thumbnailFigure 3. The podocin short isoform is retained in the ER and is found in the detergent resistant membrane fraction. A) PCR with podocin specific primers yields products for both isoforms from a human kidney cDNA library. B) Immunofluorescence staining of the canonical and the short isoform in Hela cells transfected with the corresponding constructs show that only the canonical isoform reaches the plasma membrane (arrowhead in the enlarged part of the image). The short isoform is retained in the endoplasmic reticulum. Scale bar = 10 μm. C) DRM association of both podocin isoforms. HEK293T cells expressing the respective V5-tagged podocin isoform were lysed in 1% TX-100 on ice and subjected to sucrose density gradient centrifugation. Fractions 1–7 were collected from the top and analyzed by Western blot. Both isoforms fractionate into the DRMs (fractions 1 and 2, as identified by flotillin staining). Antibodies against the transferrin receptor (TfR) and Flotillin-2 were used as markers for the Triton soluble and insoluble fractions, respectively.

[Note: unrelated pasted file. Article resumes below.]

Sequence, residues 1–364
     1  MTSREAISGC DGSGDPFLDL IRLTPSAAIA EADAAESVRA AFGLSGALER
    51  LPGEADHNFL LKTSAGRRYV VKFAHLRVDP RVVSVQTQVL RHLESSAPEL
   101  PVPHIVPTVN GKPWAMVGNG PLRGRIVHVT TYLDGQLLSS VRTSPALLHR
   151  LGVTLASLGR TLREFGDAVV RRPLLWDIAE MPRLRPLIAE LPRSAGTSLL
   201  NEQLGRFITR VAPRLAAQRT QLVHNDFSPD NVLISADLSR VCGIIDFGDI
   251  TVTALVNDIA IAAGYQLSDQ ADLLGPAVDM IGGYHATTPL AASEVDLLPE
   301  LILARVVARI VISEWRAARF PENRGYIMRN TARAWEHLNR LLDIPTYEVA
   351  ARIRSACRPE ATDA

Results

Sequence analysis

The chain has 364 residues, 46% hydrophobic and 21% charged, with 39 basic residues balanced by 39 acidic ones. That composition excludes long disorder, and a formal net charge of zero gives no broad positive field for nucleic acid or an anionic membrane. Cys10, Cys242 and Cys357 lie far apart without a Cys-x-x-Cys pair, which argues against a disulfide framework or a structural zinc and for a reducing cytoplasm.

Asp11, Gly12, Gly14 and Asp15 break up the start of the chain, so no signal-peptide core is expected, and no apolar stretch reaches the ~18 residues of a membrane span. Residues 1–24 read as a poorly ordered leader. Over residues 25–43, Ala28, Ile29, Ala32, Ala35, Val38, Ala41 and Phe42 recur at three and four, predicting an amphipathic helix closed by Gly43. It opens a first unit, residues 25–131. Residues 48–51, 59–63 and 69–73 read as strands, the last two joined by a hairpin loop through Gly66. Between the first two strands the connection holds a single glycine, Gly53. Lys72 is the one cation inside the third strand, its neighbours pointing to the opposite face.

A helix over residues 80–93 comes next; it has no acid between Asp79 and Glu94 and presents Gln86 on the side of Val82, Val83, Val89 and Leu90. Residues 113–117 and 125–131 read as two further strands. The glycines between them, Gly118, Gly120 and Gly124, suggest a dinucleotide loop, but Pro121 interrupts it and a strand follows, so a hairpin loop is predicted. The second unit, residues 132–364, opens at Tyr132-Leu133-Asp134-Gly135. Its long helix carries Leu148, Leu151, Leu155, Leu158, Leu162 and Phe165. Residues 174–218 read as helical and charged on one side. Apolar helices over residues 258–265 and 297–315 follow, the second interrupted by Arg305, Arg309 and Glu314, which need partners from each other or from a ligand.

thumbnailFigure 4. The podocin short isoform interacts with known podocyte proteins. CD2AP, TRPC6, neprin and NEPH1 co-precipitate with both podocin isoforms (FL, full length (canoncical isoform); SI, short isoform). FLAG- and V5-tagged proteins were expressed in HEK293T cells and precipitated with anti-FLAG antibody as indicated. Western blot analysis was performed with a V5 specific antibody. Expression levels of FLAG.podocin constructs in the lysates are shown below.